The title of Charles Allen’s latest book is somewhat misleading. The book is only partially about the
The title of Charles Allen’s latest book is somewhat misleading. The book is only partially about thelife of the emperor Ashoka. More than half of it is devoted to the discovery of the existence of Ashoka. Peopled by a colourful cast of Orientalists, Indologists and colonial administrators, this book is as much about the patient detective work which went into putting together the jigsaw puzzle of the life and times of the emperor.
Most Indians imbibe a mandatory dose of Mauryan history from their school textbooks, so much of the story that Allen relates about the emperor will be sketchily familiar to readers. They will also be aware that the corpus of primary material on Ashoka is vanishingly small, chiefly consisting of a number of rock-edicts, stray statuary and some exquisite bas-relief on pillars, stupas and the like. What is less known is the almost fortuitous discovery of these pieces of the jigsaw, starting with the founder of Calcutta’s Asiatic Society, William Jones.
Allen is acutely aware that Orientalism has become a somewhat embarrassing term post-Edward Said. Happily, he does not allow that to come in the way of what is a cracking good story. Allen traces the beginnings of the story to William Jones’s ‘tentative thoughts on Buddha and Buddhism’ which appeared in the first two issues of the Asiatick Researches, published in 1789. Allen reports on the competing strands of interest among the early members of the Society, and how Buddhist studies gradually emerged from the shadow of its largely Sanskritist preoccupations. With the discovery of many hitherto unknown religious texts in the first decade of the 19th century, scholars like the neglected Francis Buchanan were able to start dating the key events in the early history of Buddhism. Buchanan’s efforts were carried on by fellow-Scot Colin Mackenzie in the south, George Turnour in Ceylon and the extraordinary James Prinsep.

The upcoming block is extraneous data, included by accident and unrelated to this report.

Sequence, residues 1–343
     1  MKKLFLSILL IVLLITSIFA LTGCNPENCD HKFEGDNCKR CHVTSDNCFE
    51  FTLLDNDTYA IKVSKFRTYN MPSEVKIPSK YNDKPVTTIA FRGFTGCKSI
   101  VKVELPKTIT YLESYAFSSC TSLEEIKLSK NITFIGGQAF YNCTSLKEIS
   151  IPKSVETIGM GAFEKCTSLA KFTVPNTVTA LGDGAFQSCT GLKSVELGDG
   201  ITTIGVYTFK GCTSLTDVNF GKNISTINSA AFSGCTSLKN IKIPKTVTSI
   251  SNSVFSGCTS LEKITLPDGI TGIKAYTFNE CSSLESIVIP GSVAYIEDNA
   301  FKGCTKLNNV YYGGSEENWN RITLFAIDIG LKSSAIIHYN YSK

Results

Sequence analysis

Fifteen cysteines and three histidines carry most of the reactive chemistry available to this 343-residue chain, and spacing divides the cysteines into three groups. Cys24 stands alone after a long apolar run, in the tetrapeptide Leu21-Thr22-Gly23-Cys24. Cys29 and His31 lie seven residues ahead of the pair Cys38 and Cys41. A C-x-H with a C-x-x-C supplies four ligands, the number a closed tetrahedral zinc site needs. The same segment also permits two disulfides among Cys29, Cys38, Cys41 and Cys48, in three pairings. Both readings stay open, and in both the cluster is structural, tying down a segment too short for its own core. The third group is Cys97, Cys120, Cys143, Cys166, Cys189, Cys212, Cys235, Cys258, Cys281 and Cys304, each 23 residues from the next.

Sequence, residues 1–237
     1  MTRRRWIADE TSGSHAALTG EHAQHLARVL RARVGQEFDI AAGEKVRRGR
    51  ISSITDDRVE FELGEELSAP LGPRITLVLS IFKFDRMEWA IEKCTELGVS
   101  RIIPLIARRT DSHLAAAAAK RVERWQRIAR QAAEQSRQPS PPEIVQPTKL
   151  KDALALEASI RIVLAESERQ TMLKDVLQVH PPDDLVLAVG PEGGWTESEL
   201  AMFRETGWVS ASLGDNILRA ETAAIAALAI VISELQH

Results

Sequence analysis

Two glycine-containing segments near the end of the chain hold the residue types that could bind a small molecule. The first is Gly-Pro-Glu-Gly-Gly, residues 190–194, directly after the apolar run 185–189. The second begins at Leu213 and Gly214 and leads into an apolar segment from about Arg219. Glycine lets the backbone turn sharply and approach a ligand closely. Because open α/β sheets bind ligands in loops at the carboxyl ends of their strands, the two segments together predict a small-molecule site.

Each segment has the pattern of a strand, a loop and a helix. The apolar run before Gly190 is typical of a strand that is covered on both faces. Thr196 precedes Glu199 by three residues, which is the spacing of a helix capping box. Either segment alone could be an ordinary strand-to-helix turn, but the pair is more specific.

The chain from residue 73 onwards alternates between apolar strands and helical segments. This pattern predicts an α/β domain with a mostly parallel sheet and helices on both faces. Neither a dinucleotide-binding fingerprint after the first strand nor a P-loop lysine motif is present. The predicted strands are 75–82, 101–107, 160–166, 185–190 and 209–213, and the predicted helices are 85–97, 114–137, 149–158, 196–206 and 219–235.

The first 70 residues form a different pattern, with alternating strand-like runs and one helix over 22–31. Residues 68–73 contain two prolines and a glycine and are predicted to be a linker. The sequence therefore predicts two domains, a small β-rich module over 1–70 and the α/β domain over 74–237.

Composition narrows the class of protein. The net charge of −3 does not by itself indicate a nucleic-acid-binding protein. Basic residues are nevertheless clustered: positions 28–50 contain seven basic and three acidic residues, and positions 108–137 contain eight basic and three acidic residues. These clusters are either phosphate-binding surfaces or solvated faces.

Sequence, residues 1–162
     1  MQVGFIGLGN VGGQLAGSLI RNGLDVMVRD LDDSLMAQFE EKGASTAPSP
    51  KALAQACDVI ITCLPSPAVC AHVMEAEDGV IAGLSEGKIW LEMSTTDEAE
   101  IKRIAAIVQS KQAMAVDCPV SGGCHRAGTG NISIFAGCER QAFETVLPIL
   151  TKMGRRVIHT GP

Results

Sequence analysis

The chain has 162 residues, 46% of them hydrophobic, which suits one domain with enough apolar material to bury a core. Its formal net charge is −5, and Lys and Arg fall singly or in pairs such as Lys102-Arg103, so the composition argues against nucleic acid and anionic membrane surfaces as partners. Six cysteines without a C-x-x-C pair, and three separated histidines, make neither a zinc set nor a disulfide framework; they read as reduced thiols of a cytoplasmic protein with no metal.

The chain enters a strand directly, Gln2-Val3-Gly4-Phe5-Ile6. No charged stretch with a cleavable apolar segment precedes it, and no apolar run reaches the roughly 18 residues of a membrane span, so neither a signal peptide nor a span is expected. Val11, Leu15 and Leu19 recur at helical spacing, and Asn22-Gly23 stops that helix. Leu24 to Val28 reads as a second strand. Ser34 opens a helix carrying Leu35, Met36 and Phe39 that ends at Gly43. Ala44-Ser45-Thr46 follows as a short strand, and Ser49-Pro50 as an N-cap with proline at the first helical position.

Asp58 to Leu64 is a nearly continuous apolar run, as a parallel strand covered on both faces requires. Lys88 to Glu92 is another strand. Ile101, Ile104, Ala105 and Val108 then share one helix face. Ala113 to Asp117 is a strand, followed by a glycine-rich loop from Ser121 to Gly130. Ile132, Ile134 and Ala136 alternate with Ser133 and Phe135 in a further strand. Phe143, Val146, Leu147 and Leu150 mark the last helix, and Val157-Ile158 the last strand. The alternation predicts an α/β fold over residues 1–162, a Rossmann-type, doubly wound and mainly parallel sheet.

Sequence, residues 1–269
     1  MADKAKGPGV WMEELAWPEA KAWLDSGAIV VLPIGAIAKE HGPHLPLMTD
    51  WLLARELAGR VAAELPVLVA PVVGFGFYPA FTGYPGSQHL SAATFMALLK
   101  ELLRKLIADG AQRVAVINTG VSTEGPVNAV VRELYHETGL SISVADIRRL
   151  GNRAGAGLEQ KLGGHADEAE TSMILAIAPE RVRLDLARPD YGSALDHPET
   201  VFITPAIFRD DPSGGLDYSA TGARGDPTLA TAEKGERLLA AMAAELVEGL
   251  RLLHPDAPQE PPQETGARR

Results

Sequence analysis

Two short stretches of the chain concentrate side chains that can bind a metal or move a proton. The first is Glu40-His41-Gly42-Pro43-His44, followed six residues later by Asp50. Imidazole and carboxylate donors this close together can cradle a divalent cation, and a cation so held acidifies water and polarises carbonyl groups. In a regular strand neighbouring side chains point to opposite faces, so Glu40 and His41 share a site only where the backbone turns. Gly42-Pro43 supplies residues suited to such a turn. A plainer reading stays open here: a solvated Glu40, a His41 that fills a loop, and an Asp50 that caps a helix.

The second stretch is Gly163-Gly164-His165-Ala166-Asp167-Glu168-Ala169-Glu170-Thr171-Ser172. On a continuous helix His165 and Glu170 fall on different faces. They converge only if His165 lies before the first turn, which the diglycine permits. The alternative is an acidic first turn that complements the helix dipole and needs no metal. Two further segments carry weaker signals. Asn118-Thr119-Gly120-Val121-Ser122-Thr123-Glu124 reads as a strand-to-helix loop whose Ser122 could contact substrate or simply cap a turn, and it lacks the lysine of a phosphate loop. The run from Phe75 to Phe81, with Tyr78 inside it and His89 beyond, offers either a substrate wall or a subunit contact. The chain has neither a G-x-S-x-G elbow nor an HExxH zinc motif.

Allen zeroes in on 1837 as a key year: a series of astonishing revelations which “came so thick and fast that there was no time to absorb the implications of one before the next had been announced.” The key players in this annus mirabilis of Buddhist studies were Prinsep, Lt. Markham Kittoe, and, after their deaths, Alexander Cunningham.
Entwined with the story of the unravelling is Ashoka’s own story, which still remains a most amazing account of kingship. In Allen’s retelling of this most decisive period in Indian history, there is a pleasing synthesis of the massive scholarship on the subject, made accessible to a readership outside academia. It is not easy to handle such a complex narrative, but Allen has been equal to the task, and has produced an account which will appeal to the amateur and the specialist alike.